Lincoln Gap conservation effort aligns with local values

  • Published in MyView

By Matt Williams, Phil and Audrey Huffman

The Catamount Trail Association (CTA) and the Vermont Backcountry Coalition (VTBC) would like to voice their support for the Trust for Public Land’s (TPL) effort to conserve 632 acres as an addition to the Green Mountain National Forest in Warren. The CTA works to protect public access to a 300-mile backcountry ski trail that runs the length of Vermont. The Vermont Backcountry Alliance (VTBC) is a CTA program that seeks to expand, conserve and manage Vermont’s backcountry skiing and riding resources beyond the Catamount Trail through local chapters, including the recently formed Mad River Valley Backcountry Coalition (MRVBC).

Protecting the Lincoln Gap parcels as proposed by the TPL has long been a priority for the CTA, as it provides a critical 1.3-mile link in the Catamount Trail that would be extraordinarily hard to replicate on adjacent parcels if the property was sold to private owners who were not open to public recreational access to the land. We also feel that permanently securing these recreational opportunities for the region aligns well with the Mad River Valley community’s push to expand outdoor recreational opportunities as a core part of its economic development strategy. The Valley towns see enhancing trail-based recreation as a key strategy to bolster The Valley’s tourism economy and quality of life, making the area even more attractive both to visitors and residents (current and potential).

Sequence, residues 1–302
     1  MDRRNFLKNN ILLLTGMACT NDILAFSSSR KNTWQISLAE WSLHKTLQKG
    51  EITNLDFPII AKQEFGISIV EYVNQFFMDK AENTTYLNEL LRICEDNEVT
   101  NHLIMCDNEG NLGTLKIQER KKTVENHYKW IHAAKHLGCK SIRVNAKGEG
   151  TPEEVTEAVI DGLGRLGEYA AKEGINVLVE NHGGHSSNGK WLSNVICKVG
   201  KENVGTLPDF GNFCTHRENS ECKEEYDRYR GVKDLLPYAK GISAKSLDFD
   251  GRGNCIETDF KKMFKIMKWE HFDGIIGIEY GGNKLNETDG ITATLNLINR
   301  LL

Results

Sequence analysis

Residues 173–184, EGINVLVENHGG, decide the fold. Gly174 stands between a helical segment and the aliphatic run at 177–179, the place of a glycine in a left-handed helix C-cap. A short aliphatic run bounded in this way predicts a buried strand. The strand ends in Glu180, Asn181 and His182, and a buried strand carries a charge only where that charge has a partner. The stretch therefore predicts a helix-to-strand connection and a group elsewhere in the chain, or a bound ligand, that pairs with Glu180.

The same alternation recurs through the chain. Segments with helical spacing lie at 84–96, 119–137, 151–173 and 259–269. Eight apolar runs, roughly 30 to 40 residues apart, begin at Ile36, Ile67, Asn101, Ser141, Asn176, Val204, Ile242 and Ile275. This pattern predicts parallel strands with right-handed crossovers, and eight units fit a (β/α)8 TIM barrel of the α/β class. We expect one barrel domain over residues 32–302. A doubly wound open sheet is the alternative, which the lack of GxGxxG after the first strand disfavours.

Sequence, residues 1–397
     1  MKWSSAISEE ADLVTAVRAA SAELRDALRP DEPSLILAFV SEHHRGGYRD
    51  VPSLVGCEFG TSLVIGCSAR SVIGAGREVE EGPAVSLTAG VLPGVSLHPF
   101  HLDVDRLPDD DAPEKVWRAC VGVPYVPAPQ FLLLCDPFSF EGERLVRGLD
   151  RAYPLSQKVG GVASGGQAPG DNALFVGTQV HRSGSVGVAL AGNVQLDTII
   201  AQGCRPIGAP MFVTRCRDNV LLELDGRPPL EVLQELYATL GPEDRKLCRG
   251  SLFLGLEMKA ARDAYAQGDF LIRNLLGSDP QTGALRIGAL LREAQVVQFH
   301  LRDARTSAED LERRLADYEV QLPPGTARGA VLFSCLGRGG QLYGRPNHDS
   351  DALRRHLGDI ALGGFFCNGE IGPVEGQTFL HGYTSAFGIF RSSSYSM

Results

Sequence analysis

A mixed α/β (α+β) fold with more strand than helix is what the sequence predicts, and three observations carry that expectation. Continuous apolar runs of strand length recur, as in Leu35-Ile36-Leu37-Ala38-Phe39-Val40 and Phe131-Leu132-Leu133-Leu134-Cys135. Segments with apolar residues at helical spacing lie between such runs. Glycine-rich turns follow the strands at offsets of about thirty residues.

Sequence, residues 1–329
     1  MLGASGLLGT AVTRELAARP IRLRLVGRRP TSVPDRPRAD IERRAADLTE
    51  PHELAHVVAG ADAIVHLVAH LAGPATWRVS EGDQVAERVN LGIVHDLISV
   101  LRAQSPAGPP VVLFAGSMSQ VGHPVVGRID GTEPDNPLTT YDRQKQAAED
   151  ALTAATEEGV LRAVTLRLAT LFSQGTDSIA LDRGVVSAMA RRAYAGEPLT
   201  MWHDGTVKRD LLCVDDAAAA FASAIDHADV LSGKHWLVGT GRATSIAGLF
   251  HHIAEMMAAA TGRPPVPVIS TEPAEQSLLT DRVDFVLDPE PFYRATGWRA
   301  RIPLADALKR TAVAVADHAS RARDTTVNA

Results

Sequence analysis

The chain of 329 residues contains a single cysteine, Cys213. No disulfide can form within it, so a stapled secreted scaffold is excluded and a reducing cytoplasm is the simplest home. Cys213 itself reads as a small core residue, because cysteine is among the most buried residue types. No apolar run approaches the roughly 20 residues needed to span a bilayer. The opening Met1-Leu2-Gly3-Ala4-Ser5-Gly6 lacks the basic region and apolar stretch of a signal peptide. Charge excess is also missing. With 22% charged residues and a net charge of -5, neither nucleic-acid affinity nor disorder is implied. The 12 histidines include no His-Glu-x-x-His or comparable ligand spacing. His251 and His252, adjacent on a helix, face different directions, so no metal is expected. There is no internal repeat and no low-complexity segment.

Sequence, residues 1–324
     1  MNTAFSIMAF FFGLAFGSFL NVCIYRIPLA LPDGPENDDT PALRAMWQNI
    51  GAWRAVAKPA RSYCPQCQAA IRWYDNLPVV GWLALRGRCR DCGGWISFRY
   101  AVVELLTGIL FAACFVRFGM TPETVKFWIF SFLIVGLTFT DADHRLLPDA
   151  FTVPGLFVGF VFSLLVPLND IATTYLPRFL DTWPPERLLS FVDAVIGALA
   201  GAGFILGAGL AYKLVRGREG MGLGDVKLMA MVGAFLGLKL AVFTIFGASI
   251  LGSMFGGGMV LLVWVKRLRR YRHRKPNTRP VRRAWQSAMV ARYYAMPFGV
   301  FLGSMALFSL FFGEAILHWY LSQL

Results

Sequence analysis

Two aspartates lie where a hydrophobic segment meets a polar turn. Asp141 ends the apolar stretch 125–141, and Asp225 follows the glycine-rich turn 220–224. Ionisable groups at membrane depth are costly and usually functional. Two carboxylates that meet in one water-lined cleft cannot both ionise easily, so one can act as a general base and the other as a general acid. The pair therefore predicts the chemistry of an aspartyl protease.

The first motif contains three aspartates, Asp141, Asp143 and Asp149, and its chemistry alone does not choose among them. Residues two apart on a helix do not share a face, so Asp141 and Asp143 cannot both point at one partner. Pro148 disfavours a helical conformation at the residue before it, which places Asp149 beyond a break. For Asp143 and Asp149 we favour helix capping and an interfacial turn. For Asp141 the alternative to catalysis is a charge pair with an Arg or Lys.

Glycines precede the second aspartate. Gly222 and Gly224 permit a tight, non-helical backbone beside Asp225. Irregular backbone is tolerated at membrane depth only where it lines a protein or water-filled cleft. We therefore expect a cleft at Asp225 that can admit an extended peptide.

CTA and VTBC are proud to be a part of the incredible network of recreational trails both in the Mad River Valley and across the state, and we firmly believe in the important role that trails and outdoor recreation can play in local economies. Last year the Catamount Trail, and managed backcountry zones in the VTBC network, brought over $5.5 million in tourism revenue to local economies across Vermont.

We also know that expanded backcountry recreation is not without challenges, particularly for private landowners. We sometimes experience problems with skiers using the Catamount Trail to access private property that they do not have permission to ski, as has at times been the case in Warren. We have been working to address these issues in Warren for the last few years through local educational efforts and posting appropriate signage along the trail to help better inform skiers, and we are committed to continuing and expanding those efforts going forward in collaboration with MRVBC members. Statewide, CTA has been working hard through our VTBC program to promote our Vermont Backcountry Ethics code, and to help skiers understand the importance of respecting private land and maple sugaring operations in particular.

In our view, the Mad River Valley is a perfect example of how trails and backcountry recreation can help to enhance local economies, improve the quality of life for Vermonters, attract tourists, and contribute to the state’s working landscape. Projects like the TPL’s Lincoln Gap conservation effort are critical to securing continued public access to Vermont’s treasured mountain places, and we are grateful for their leadership in protecting this beautiful corner of The Valley. We are also deeply grateful for all the private landowners who agree voluntarily to host the Catamount Trail, and we’re committed to working together to ensure a positive experience for everyone.

Williams is the executive director of the Catamount Trail Association.

Phil and Audrey Huffman, are CTA volunteer trail chiefs, Waitsfield.